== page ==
Yes, it is Stravinsky. Would you want to get the note wrong? In this clip, he is conducting in his 80s. "Music praises God," Stravinsky said. "Music is well or better able to praise him than the building of the church and all its decoration; it is the Church's greatest ornament."
That being said, Stravinsky's unconventional major seventh chord in his arrangement of the Star-Spangled Banner in 1940 led to his arrest by the Boston police for violating a federal law that prohibited the "reharmonization" of the National Anthem. Who knew you could be arrested for playing at a major seventh?
Here he is in 1961 conducting Firdbird, followed by a contemporary rehearsal of the same piece:
In fact, when Stravinsky's Rite of Spring premiered, it actually provoked a riot. Here's Wiki:
At the start with the opening bassoon solo, the audience began to boo loudly due to the slight discord in the background notes behind the bassoon's opening melody. There were loud arguments in the audience between supporters and opponents of the work. These were soon followed by shouts and fistfights in the aisles. The unrest in the audience eventually degenerated into a riot. The Paris police arrived by intermission, but they restored only limited order. Chaos reigned for the remainder of the performance, and Stravinsky himself was so upset on account of its reception that he fled the theater in mid-scene, reportedly crying. Fellow composer Camille Saint-Saëns famously stormed out of the première (though Stravinsky later said "I do not know who invented the story that he was present at, but soon walked out of, the premiere.") allegedly infuriated over the misuse of the bassoon in the ballet's opening bars.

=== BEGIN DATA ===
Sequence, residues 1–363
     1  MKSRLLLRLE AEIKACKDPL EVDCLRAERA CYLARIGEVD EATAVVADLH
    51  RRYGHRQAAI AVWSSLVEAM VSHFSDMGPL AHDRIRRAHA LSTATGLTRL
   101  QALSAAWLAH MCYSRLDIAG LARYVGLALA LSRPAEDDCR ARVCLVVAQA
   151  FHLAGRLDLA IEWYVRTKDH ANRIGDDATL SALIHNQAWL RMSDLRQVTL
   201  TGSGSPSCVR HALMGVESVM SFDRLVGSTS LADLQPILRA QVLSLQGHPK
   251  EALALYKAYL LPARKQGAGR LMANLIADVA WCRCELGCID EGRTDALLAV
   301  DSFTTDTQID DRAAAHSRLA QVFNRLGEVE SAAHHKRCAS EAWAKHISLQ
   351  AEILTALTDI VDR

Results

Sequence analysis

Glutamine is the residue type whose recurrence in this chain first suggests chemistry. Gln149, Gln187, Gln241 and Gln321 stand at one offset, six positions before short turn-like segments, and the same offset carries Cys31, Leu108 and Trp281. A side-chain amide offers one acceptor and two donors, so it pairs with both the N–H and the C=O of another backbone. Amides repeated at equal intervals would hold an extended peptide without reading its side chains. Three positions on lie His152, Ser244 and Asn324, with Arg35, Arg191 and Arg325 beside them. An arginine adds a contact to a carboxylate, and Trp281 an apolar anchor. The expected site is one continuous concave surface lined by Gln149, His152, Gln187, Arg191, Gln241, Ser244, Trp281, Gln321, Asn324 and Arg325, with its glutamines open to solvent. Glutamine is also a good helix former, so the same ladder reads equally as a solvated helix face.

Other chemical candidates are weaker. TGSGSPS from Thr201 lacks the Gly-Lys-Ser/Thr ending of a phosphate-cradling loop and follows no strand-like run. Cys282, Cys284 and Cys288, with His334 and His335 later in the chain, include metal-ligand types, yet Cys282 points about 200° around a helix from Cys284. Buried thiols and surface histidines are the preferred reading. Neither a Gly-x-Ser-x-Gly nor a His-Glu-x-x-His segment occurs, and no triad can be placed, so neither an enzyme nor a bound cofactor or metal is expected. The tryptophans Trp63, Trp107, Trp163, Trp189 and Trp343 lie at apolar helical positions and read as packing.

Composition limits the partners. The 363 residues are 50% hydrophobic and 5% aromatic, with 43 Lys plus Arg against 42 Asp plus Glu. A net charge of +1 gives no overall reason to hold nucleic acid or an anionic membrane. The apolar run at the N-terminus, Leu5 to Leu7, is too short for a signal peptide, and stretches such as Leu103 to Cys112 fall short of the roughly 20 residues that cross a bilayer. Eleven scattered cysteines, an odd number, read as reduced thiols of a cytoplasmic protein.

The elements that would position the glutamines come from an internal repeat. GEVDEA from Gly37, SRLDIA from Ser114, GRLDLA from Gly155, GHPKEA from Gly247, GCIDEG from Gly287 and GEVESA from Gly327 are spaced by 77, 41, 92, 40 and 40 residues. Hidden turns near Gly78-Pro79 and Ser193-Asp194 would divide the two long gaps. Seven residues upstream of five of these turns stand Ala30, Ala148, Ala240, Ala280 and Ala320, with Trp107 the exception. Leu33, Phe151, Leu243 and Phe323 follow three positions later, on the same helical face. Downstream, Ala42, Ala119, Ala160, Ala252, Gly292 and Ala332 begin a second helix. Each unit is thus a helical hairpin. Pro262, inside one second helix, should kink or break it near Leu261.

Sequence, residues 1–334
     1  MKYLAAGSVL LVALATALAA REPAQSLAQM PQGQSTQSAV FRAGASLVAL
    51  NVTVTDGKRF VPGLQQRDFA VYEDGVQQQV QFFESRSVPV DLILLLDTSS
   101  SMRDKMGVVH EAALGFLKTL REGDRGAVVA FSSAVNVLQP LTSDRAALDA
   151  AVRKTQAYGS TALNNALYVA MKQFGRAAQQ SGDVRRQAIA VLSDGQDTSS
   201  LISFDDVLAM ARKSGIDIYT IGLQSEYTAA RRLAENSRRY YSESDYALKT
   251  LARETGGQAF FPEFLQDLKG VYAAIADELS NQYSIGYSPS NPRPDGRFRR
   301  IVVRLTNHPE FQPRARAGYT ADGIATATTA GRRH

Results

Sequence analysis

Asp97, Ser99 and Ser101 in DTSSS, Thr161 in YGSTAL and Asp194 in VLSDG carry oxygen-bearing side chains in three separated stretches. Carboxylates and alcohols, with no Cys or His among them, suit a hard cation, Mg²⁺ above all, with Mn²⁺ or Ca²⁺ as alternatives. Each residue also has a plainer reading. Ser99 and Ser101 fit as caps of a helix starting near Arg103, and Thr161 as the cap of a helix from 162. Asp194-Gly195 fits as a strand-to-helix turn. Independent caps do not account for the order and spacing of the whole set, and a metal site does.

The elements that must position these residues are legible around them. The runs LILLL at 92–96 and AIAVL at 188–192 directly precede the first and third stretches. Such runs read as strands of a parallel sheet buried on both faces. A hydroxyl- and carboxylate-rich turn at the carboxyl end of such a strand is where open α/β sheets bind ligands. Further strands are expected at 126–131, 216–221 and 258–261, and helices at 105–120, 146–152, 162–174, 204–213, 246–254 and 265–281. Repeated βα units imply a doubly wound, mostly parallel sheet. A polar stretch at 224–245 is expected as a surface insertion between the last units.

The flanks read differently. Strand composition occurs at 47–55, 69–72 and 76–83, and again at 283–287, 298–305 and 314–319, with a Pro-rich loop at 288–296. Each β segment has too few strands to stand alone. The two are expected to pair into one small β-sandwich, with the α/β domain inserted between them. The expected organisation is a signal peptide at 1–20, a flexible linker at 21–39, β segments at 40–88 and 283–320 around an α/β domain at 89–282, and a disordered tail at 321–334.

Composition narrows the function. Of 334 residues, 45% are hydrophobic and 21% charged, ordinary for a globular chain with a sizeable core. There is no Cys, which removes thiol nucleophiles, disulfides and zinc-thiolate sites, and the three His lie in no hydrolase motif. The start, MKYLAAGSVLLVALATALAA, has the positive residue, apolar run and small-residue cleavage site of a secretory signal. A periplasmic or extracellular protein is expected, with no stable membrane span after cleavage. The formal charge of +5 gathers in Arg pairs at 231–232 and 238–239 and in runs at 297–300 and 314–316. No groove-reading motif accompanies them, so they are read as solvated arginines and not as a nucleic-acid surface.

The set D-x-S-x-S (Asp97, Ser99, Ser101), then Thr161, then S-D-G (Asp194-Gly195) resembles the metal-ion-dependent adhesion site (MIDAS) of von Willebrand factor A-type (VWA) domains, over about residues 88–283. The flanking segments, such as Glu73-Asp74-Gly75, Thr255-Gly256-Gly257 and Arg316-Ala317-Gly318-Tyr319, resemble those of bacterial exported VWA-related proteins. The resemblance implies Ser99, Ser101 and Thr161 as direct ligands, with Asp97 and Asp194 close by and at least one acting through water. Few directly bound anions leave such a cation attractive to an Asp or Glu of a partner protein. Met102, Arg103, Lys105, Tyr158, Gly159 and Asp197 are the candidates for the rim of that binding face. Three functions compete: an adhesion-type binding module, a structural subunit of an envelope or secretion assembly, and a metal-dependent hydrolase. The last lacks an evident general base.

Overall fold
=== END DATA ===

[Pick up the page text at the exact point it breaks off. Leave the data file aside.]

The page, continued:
Stravinsky ran backstage, where Diaghilev was turning the lights on and off in an attempt to try to calm the audience. Nijinsky stood on a chair, leaned out (far enough that Stravinsky had to grab his coat-tail), and shouted counts to the dancers, who were unable to hear the orchestra.
Here is the Rite of Spring. No rioting, please:
One really ought to fill one's iPod with Stravinsky before setting off to Anaheim this summer. Just saying.
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